Best Campsites in Virginia

by Amy Myers
Photo credit: KAREN BLEIER/AFP via Getty Images

Camping in Virginia is just about as common as watching a whitetail jump across a winding back road. So, it’s no surprise that the state’s campsites are almost always just a stone’s throw (or deer’s leap) away. From scenic, trail-facing spots to sandy, beach-front locations, there’s no limit to how, where or when to explore the state’s wildest parts.

Obviously, one of the most popular back country spots in the Old Dominion state is the ever-beautiful and always-exciting Shenandoah National Park. And while there are plenty of places to lay your head underneath the stars and canopy of chestnut and oak branches, there are plenty of hidden gems of campsites scattered throughout the state parks and forests that boast a variety of options and activities. These campsites not only allow for a wider range of accommodations and creature comforts, but they also offer instant access to your favorite outdoor adventures, including (but not even close to limited to) fishing, hiking, biking, hunting, shooting and paddling.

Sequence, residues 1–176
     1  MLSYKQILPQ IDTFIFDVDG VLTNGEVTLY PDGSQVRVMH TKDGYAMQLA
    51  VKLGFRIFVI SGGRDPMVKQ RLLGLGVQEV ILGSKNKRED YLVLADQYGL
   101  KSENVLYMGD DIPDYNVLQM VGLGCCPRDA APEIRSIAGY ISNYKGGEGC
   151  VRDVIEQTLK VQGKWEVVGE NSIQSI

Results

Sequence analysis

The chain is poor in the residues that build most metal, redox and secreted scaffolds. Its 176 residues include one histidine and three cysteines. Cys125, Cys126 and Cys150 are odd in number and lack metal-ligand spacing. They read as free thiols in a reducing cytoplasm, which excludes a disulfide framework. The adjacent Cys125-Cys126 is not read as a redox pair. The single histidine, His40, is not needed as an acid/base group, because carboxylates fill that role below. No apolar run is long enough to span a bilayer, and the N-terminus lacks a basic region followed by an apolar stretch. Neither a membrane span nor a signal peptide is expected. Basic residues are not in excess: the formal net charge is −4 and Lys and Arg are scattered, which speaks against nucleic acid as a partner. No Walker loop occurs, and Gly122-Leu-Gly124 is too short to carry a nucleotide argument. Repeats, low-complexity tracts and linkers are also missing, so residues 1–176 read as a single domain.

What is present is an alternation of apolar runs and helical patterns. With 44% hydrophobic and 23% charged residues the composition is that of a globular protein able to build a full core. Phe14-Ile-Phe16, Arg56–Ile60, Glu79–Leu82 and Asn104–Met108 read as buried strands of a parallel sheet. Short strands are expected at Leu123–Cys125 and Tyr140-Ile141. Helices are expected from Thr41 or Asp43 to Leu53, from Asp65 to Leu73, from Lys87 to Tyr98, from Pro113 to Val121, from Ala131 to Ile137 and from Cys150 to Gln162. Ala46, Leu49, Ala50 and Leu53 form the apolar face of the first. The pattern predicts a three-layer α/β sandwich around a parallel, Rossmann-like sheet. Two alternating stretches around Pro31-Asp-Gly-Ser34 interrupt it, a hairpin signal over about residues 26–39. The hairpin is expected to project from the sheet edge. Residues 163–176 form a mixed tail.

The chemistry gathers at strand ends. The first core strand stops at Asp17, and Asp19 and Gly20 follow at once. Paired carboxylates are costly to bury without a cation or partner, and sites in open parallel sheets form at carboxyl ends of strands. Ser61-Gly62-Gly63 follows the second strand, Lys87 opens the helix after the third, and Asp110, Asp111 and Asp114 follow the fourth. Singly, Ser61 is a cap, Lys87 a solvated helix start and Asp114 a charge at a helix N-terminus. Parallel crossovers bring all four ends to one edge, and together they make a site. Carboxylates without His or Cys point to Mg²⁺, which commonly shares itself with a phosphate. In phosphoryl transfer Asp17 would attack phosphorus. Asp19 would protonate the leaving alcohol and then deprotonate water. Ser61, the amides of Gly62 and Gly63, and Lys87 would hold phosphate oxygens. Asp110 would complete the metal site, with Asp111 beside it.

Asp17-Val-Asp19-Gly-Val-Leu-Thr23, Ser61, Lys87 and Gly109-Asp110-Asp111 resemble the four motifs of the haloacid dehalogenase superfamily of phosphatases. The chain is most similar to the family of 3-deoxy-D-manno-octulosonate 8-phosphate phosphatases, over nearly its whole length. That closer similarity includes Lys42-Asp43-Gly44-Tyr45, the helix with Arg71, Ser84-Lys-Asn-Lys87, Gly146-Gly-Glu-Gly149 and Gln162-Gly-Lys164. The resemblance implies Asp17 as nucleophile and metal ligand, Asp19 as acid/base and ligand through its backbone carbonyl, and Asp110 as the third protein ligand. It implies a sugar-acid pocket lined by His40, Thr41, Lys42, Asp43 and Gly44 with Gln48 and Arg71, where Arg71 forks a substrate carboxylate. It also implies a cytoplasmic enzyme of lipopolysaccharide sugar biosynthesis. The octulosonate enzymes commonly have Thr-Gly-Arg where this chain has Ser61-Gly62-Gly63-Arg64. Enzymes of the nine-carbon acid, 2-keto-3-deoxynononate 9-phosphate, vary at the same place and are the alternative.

So, without further ado, here are Outsider’s picks of the campsite litter for Virginia.

Smith Mountain Lake State Park

For the waterfront adventurers… an Outsider personal favorite!

  • Location: 1235 State Park Rd., Huddleston, VA 24104
  • Campground Contact: 540-297-6066
  • Park Hours: 8:15 a.m. – dusk, March through the first Monday in December
  • Campground Website

Not only is Smith Mountain Lake State Park a prime choice for Old Dominion natives, but it’s also an Outsider favorite. The 40-mile-long lake hosts a variety of waterfront adventures, including bass fishing, paddling, boating, swimming and more. As the second largest lake in all of Virginia, it’s an easy choice of campsites for adventurers of all kinds, from waders to full-on triathletes. To support all of the lake-front festivities, the park has a fishing pier, boat rentals, a boat ramp and a universally accessible fishing pier.

For those looking for more versatility in their stay at Smith Mountain Lake, there are also special programs, a visitor center, amphitheater and 14 different hiking trails to enjoy.

Campground breakdown: